Washington State Electric Bike Laws

Since electric bikes haven’t been around for that long, it’s still quite problematic to define them in the context of law and traffic regulation. That’s why following the general guidelines and, more importantly, using your common sense and remaining somewhat “humble” on the road is very important. Let’s see what the state of Washington thinks about electric bikes.

How does the state of Washington declares what an electric bike is.


Washington declares that electric bikes are bicycles with a motor - they have two or three pedals, and the motor remains under 750W when it comes to power. There is also a detailed categorization of electric bikes:

  • class 1 bikes provide motor assistance when you pedal, but they can only reach about 20 miles per hour
  • class 2 bikes assist whenever you need them, and the maximum speed they can reach remains 20 miles per hour
  • class 3 bikes work like bikes in class 1, but their speed is slightly higher and the maximum is about 28 miles per hour, which is why these bikes need a speedometer

Key Points

How powerful can my bike be? Unfortunately, the maximum power your motor can have is about 750W, and you are not allowed to do any modifications regarding the speed or the power.

Do I need a license or insurance? In the state of Washington, there are no licenses or registrations that you would have to worry about in any way. Electric bikes do not require special documentation.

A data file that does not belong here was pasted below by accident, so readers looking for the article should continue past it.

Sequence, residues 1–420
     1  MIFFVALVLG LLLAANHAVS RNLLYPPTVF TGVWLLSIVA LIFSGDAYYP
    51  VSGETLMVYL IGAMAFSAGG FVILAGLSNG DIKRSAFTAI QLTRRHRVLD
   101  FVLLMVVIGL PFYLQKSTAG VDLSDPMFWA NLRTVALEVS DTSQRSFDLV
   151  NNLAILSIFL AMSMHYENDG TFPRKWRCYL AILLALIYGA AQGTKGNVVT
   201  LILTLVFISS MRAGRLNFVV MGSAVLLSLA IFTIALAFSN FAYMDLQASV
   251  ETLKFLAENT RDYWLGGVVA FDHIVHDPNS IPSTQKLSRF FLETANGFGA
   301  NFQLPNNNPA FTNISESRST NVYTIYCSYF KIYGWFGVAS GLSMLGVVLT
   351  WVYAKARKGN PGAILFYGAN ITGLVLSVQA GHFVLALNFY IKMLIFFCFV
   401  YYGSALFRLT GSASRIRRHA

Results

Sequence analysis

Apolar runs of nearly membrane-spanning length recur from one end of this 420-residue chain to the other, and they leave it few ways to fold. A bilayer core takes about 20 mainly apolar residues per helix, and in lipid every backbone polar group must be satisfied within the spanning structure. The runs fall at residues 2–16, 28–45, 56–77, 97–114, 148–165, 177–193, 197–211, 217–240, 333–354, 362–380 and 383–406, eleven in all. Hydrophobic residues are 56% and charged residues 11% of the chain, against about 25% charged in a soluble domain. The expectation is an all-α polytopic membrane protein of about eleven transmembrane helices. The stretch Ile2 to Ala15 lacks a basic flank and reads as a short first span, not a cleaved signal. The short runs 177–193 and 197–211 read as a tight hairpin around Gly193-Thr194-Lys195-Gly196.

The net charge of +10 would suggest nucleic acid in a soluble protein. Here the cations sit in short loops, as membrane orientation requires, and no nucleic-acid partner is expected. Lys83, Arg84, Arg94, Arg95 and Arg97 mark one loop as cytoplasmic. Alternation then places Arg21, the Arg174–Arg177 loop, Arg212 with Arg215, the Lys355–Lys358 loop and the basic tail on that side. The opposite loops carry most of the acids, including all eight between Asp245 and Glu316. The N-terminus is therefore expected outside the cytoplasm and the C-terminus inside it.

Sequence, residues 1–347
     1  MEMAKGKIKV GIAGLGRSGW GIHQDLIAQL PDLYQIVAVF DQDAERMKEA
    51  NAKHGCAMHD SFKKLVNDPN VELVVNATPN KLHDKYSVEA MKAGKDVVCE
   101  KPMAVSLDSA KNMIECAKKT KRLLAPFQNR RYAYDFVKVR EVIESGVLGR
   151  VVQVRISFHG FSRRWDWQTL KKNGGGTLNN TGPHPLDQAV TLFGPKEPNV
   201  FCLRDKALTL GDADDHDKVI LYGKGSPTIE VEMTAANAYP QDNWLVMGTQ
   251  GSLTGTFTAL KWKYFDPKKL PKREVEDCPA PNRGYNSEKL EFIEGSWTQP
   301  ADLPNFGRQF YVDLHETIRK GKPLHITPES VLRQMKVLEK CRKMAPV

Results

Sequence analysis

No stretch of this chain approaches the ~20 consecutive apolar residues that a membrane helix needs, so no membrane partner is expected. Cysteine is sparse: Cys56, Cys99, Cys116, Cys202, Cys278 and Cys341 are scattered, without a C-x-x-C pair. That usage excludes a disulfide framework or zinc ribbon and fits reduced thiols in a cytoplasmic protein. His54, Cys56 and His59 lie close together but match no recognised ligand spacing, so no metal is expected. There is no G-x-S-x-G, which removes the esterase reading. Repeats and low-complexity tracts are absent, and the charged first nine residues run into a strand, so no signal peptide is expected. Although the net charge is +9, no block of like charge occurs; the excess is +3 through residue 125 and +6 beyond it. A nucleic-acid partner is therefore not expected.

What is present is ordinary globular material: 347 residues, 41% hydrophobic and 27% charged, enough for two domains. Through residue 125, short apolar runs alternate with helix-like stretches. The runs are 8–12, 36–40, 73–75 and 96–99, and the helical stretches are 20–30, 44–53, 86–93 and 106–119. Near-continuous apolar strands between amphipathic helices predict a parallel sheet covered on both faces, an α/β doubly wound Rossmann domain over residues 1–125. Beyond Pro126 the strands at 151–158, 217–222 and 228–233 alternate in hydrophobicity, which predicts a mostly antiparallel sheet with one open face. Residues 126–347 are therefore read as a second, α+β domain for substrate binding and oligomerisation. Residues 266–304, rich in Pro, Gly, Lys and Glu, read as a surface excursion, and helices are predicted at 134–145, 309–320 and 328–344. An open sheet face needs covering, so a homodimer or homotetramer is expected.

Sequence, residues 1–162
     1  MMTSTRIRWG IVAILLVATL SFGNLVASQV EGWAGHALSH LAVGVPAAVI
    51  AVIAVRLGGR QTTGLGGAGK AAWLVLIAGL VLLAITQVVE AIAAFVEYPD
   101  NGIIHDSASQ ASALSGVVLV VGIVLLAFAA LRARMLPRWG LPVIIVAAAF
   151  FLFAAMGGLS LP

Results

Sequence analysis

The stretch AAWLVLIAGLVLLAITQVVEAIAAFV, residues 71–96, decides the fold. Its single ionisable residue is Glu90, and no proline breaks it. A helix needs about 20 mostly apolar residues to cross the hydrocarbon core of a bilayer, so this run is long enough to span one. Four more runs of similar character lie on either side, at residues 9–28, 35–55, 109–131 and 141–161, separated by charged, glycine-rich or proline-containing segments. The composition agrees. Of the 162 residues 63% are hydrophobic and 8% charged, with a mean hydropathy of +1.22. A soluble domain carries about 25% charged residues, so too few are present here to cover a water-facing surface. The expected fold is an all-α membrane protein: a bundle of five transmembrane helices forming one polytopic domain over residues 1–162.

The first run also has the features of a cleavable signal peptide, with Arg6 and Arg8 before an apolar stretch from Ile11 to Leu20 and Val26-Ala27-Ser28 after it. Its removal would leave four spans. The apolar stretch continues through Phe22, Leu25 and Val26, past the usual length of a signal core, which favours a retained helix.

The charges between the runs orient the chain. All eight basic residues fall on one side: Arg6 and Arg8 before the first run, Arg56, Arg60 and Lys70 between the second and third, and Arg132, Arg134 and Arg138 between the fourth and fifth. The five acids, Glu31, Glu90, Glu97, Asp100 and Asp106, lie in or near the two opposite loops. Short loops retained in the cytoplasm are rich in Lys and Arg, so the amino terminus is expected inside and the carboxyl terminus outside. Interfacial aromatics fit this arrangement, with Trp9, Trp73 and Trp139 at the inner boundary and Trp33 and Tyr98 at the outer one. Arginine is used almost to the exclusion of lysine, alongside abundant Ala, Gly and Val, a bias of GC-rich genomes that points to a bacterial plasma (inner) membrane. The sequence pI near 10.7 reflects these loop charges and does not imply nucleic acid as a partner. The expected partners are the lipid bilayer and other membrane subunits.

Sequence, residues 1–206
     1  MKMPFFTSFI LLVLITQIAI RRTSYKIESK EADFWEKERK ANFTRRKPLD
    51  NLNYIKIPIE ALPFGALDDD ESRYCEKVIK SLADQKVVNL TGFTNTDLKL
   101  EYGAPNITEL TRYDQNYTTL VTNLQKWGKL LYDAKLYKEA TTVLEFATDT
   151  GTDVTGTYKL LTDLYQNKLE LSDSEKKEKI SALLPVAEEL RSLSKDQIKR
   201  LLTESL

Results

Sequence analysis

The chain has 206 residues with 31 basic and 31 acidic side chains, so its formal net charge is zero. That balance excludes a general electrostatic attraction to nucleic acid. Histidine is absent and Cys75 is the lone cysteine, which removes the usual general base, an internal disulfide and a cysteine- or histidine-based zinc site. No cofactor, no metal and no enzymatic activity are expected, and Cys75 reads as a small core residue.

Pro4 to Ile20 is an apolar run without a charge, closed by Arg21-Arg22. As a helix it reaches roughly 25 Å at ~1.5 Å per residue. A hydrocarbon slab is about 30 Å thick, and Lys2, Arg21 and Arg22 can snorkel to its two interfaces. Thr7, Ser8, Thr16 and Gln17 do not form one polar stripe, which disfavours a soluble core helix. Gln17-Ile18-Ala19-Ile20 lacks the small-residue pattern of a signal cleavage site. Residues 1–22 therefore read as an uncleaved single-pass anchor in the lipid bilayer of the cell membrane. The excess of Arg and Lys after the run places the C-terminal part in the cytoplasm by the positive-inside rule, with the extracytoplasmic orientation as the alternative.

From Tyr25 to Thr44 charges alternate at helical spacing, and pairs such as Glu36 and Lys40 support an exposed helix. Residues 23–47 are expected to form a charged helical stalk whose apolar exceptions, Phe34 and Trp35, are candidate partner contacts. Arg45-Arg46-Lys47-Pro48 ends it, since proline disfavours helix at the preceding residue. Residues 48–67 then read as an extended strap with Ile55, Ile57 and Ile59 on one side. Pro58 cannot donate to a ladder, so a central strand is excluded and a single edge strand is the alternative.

Do I need to wear a helmet? Helmets are only required for those that are under the age of 16. However, you might want to wear them no matter the regulations, simply for your safety.

Are there age restrictions to look out for? Yes, but only for electric bikes of class 3 - you have to be over 16 to operate them. However, you can ride as a passenger no matter your age. 

Can I ride on the road? In Washington, you can ride on roadways, but you have limited and controlled access to most bike lanes, paths, and highways. When it comes to sidewalks, there is a strict rule against class 3 bikes, although class 1 and class 2 bikes might be trouble as well, depending on the local authorities.

Can I modify my bike? You can change the looks of your bike and repair it when needed, but it’s not allowed to make it more powerful than the previously mentioned speed and power limit.

Do bike riders need to obey all the traffic signs? Yes, both for your safety and the safety of others. You should follow the exact rules that motorists do - signal your turns, stop at red lights, ride on the right side. However, you shouldn’t act as if you have a motorized vehicle for speed and stunts.


Make sure to find out whether you fall into the categories mentioned above, and then obey the simple rules.  Always make sure to visit your county’s local police stations for more updated info.

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